But I digress. The basic plot of Dawn is four survivors – Stephen (Emge), a TV station helicopter pilot; Fran, a producer at the station; Stephen’s friend Roger (Reiniger) and Peter, both SWAT team members – who find an abandoned mall and decide to use it as long-term shelter against the undead hoards outside. Stephen is established early on as being pretty useless outside of flying the ‘copter, Fran is pregnant and feels as though she’s being pigeonholed as the group’s den mother, and Roger is a crack shot but a loose cannon – he can hardly contain himself outside of the confines of their living quarters. Peter is decidedly the most reliable, the most rational, and the most sensible of the group. It cannot be a coincidence that Romero cast a black man in this role; Peter is a spiritual son to Ben (Duane Jones) from Night of the Living Dead. Perhaps that Peter lives in the end is Romero’s mea culpa for killing off Ben, who was the first black male lead in a horror film. NOTE: in the original screenplay, Fran and Peter kill themselves minutes before the helicopter runs out of fuel. Part of me really wants this ending, particularly because it’s foreshadowed earlier in the film.
Dawn never seems to find a good balance between being dead serious and overtly comedic in tone. The tone shifts are jarring and it’s not clear if it’s because Romero doesn’t exactly know what he’s going for, or if he’s deliberately trying to keep the audience off kilter. Either way, the film lulls you into a particular comfort zone, then knocks you out of it. This is especially frustrating because when the film is serious, there are some interesting moments that take place, particularly surrounding Fran’s character. At one point, while the men think she’s asleep, Stephen discloses Fran’s pregnancy, and Peter offers abortion as an option. Later, she asserts herself, making it clear that she wants to be treated as an equal party to all decision-making, and that the pregnancy is none of their concern. She learns to properly shoot a gun, and to fly the helicopter, and the best part is that she never becomes an ass-kickin’ action bad ass mama. Her character is probably the most interesting, but this all gets overshadowed when the film remembers that it’s a horror and then we’re treated to another round of Tom Savini head explosions. Not that I’m complaining, it’s just disjointed, as disjointed as having a pie fight in the middle of the film’s climactic siege scene.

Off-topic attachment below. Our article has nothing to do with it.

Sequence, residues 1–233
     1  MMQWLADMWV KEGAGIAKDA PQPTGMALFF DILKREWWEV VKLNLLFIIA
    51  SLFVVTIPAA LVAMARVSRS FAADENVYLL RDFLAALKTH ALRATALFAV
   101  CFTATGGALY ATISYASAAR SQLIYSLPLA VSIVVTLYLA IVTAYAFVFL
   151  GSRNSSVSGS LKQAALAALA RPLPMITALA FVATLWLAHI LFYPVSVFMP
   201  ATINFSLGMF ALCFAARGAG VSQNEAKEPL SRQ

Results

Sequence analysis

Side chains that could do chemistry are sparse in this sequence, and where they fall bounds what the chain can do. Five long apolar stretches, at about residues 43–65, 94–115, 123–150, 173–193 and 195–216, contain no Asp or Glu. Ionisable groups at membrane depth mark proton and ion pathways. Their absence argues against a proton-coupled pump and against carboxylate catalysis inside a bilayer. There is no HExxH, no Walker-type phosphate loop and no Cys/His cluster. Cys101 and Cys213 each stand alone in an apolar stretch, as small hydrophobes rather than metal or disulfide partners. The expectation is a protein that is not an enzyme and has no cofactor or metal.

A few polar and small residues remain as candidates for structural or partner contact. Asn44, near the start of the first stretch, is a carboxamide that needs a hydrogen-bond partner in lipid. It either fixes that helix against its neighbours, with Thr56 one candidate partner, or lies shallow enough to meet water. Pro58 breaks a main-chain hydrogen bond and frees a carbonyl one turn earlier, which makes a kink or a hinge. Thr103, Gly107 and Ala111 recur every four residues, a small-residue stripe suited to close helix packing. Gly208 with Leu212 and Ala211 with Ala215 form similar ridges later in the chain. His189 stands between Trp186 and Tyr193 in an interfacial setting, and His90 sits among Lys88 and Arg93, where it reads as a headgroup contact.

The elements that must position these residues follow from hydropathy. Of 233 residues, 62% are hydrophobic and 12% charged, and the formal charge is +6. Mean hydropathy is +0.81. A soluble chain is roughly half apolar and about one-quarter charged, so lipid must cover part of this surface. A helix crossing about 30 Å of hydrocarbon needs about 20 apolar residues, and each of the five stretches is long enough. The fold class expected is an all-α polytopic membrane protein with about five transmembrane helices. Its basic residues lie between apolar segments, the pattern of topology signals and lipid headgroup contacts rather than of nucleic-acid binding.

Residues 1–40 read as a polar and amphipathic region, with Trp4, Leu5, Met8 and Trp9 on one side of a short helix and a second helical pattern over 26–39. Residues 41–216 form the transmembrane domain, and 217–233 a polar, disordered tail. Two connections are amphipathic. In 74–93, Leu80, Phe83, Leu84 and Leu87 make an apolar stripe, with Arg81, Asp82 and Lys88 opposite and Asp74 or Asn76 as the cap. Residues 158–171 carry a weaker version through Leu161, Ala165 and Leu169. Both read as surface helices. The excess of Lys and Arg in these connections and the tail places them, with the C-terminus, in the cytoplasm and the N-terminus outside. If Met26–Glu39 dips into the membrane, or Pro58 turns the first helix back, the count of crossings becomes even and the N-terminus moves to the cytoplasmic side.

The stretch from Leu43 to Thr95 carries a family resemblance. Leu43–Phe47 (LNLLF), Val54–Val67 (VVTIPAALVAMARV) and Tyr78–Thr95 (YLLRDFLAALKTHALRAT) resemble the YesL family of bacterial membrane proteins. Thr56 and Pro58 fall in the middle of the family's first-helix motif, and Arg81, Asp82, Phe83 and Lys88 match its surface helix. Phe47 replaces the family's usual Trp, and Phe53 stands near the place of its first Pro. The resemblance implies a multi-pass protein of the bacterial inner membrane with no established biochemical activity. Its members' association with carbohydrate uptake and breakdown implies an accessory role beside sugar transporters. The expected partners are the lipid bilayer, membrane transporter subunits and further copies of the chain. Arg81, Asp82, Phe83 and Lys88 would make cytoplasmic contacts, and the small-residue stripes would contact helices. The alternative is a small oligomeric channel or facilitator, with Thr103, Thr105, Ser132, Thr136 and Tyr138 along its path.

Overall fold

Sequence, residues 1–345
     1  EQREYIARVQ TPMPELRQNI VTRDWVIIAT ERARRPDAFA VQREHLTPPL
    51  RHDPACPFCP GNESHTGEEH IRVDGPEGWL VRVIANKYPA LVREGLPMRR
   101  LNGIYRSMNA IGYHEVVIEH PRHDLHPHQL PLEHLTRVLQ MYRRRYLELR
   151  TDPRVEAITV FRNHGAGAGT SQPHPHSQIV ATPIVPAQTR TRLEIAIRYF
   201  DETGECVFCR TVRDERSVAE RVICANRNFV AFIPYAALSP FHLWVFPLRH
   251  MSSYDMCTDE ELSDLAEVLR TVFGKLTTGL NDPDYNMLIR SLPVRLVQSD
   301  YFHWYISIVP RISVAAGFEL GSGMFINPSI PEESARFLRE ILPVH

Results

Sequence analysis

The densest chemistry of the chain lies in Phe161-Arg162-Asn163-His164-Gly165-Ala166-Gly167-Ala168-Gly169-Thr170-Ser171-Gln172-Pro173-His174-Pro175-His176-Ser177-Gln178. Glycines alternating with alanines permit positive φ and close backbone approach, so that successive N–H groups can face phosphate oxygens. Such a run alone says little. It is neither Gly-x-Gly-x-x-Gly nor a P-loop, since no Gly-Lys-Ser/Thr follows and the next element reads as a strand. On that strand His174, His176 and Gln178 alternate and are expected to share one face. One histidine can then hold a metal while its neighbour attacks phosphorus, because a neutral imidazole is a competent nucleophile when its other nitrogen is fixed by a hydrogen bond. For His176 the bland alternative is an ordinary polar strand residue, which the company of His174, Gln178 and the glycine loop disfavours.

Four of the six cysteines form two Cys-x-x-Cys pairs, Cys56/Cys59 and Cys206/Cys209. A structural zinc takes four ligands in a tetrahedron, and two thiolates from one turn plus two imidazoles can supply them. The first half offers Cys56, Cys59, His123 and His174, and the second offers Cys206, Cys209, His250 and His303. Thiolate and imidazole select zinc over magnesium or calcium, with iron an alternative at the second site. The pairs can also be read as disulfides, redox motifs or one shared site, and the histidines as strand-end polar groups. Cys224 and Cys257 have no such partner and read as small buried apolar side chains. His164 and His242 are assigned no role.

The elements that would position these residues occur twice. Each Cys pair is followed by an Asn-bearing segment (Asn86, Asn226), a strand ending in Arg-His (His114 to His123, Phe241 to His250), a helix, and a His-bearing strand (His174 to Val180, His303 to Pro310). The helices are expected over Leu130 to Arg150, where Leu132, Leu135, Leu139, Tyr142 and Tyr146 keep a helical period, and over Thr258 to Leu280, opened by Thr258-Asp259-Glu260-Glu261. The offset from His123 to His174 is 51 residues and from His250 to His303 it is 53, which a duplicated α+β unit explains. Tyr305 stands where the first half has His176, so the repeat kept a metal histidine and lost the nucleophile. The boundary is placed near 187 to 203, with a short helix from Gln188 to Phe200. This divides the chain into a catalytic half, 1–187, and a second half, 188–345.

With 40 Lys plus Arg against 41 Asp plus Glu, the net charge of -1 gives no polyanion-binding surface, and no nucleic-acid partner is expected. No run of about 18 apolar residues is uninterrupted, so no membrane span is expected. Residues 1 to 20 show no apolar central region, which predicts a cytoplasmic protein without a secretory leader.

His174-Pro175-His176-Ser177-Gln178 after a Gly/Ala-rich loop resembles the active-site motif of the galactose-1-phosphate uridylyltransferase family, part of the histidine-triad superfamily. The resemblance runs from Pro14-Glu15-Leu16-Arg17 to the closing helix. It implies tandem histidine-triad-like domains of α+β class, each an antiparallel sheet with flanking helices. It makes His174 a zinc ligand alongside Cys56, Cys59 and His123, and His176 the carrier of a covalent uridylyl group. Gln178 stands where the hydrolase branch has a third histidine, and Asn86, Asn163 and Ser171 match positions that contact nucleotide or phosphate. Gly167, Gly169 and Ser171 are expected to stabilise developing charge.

When watching Dawn again after several years, and as much as I want that more downbeat ending, what happens to the characters is just perfect. Stephen, who becomes more and more annoying on each subsequent viewing because of his damn fool ineptitude, and Roger, who just makes some of the worst decisions for being a SWAT team guy, do not survive. In fact, I find David Emge to be an amazing zombie, with one of the best shuffling walks of all time. And watching, or rather, listening to Scott Reiniger’s performance when Roger starts to turn after being bitten is equally terrifying and heartrending. Volumes can be written about Ken Foree, and volumes should be written about Gaylen Ross, who has been directed and producing her own films for several years now.
For all its strange quirks and uneven tone, Dawn of the Dead remains a classic. It’s still one of my favorite films of any genre, with some of my favorite music (Goblin ftw), and one of my favorite casts. It’s easy to see why people routinely peg this as their top Romero film. It’s not a perfect film by any stretch, but damn, is it ever one hell of a rollercoaster.